A lot of romantic suspense tends to offer dark, brooding, ultra-competent heroes in the Byronic mode–which inspired the Brontes way back when. There’s a Byronic hero in Madam Will You Talk. His name is even Byron, and just so you know he’s dangerous, almost the first thing he does is grab our heroine, ordinary widow Charity Selbourne, by the wrist, and call her a beautiful little bitch. Yeah, definitely an eye-roller nowadays, and there are other signs of the time it was written: everyone smokes like a chimney, drinks a lot, and Freudian buzzwords show up as character insight.
To counterbalance the beautiful bitchery, there’s the setting, the exquisitely described South of France. The story takes place during summer in the fifties, and Stewart paints in glimpses of Europe’s layers of history (much of it bloody) in the aftermath of World War II. The long shadow of that war lies over this story.
It’s not just history that tantalized me: in the first four pages, there are references to Alice in Wonderland, Shakespeare, Caesar’s Gallic Wars, Kipling, Norse epics, and the famous Chinese painter Ma Yuan. None of this is thrust in as awkward wodges. The references are so much a part of the characters that they feel natural. There was even a clue in the reading matter of a minor character: nobody reading Little Gidding is likely to be a murdering dirtbag.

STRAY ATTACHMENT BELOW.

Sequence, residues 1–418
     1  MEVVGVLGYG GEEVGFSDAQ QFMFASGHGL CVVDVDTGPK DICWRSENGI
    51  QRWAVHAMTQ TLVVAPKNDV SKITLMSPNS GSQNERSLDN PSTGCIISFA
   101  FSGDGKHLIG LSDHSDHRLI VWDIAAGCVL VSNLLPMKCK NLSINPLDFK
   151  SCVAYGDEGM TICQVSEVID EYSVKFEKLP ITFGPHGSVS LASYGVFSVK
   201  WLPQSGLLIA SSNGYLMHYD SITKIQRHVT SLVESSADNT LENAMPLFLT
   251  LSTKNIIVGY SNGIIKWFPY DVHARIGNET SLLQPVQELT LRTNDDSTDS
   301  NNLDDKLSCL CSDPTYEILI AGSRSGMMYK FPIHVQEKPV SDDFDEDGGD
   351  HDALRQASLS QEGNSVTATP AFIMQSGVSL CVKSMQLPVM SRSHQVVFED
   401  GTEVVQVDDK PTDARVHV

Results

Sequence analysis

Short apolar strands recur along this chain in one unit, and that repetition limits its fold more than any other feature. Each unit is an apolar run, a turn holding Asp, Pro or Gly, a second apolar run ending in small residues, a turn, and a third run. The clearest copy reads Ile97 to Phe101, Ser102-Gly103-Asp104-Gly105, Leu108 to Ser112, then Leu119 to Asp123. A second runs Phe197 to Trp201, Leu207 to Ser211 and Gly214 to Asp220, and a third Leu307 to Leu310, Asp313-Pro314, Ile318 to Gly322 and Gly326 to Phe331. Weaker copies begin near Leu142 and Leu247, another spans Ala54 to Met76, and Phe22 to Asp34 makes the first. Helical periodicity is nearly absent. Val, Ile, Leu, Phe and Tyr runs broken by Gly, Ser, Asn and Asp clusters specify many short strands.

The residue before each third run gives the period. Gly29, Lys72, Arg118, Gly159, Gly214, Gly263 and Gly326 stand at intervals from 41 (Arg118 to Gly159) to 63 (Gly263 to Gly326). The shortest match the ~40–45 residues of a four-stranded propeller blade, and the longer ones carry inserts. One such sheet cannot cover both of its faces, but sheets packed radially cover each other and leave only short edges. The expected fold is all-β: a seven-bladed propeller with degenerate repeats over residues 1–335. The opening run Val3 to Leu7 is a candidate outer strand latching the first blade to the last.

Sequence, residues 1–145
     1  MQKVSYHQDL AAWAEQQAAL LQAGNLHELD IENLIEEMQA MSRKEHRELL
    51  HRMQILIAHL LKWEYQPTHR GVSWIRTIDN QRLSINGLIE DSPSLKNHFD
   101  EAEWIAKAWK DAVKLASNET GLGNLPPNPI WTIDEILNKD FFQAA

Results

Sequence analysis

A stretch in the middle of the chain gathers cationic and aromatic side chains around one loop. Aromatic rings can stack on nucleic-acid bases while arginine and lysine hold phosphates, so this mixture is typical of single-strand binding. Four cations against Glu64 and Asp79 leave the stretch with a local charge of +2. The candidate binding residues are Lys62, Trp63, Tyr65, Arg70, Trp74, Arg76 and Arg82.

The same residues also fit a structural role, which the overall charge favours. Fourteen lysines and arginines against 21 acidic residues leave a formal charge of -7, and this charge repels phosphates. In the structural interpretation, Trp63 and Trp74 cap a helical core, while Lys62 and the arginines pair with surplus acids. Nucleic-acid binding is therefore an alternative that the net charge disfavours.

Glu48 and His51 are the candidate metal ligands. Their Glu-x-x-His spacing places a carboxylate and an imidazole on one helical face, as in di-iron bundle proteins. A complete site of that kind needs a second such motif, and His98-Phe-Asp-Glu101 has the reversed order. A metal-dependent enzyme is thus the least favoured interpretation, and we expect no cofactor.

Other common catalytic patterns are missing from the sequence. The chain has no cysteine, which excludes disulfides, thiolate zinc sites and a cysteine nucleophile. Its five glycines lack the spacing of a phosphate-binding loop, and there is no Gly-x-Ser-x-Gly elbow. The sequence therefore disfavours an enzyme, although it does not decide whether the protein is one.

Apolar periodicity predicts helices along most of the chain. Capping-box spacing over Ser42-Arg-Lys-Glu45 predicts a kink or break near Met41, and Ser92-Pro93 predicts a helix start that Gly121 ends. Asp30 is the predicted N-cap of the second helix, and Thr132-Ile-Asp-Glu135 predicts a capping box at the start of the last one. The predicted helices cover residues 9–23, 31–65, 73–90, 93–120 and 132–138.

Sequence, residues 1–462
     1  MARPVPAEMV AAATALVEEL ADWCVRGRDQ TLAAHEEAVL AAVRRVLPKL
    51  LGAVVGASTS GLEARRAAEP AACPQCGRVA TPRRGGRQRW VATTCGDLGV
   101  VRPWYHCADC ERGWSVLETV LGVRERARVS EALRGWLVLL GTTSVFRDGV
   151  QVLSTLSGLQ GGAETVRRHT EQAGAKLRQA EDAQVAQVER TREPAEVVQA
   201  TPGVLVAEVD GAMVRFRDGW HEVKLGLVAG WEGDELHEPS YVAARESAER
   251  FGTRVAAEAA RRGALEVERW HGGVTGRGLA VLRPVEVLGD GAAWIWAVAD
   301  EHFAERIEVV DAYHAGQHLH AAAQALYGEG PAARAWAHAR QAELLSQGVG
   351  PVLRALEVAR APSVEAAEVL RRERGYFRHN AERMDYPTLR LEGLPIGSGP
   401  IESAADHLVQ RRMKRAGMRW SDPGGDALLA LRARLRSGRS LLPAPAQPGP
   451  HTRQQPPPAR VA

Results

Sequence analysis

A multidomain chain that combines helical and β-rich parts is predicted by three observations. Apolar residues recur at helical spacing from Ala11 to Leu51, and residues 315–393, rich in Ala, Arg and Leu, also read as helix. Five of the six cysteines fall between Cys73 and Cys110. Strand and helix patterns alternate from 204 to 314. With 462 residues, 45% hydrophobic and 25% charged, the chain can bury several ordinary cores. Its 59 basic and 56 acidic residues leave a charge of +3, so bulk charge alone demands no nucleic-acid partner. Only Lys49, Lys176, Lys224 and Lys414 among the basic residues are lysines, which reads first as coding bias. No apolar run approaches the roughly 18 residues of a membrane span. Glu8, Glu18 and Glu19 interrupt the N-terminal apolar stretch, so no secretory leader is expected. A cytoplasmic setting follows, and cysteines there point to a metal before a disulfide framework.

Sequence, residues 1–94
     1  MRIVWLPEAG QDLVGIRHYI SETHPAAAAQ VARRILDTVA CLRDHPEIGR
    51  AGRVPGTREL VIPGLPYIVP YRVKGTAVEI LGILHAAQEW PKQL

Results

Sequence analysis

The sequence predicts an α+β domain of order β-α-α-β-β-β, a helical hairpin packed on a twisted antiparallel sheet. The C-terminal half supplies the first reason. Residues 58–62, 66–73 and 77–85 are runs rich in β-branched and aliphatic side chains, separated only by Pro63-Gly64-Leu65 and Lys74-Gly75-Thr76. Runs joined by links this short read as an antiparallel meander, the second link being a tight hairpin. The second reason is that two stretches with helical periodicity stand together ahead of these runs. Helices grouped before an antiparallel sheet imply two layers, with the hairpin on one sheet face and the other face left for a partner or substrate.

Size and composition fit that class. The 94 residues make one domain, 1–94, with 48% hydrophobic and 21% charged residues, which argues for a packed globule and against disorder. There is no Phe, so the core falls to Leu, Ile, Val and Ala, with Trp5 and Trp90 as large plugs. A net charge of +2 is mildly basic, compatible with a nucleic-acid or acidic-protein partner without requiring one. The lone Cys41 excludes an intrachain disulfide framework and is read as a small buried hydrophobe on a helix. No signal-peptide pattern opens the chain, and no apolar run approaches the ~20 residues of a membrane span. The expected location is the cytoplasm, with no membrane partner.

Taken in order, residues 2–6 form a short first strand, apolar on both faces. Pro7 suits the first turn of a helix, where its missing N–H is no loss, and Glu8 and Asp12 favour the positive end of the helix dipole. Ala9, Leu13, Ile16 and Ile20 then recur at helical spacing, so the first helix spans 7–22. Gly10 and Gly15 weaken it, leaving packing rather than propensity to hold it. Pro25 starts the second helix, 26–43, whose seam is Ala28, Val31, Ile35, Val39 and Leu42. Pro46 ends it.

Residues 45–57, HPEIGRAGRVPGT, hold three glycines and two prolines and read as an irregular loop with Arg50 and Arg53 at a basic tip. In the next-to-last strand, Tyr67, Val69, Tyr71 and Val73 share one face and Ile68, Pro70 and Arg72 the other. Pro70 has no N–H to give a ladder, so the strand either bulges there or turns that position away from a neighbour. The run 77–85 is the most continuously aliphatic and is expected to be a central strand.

I enjoy stories featuring badass women, but I really like stories like this one, in which an ordinary woman discovers her own agency through handling extraordinary circumstances. Despite its dated aspects, she manages it with wit and intelligence, all elements I look for in newer books.
And I’ve found most of these elements in some newer indie writers on the scene. Like Camilla Monk’s Spotless series, beginning with Spotless, in which I.T. nerd Island Chaptal, who reads romance novels by night, finds herself stalked by a gentlemanly hit man—who is not, by a long shot, the worst of the figures who suddenly start cropping up around her, making her question her assumptions about her early childhood and parental figures.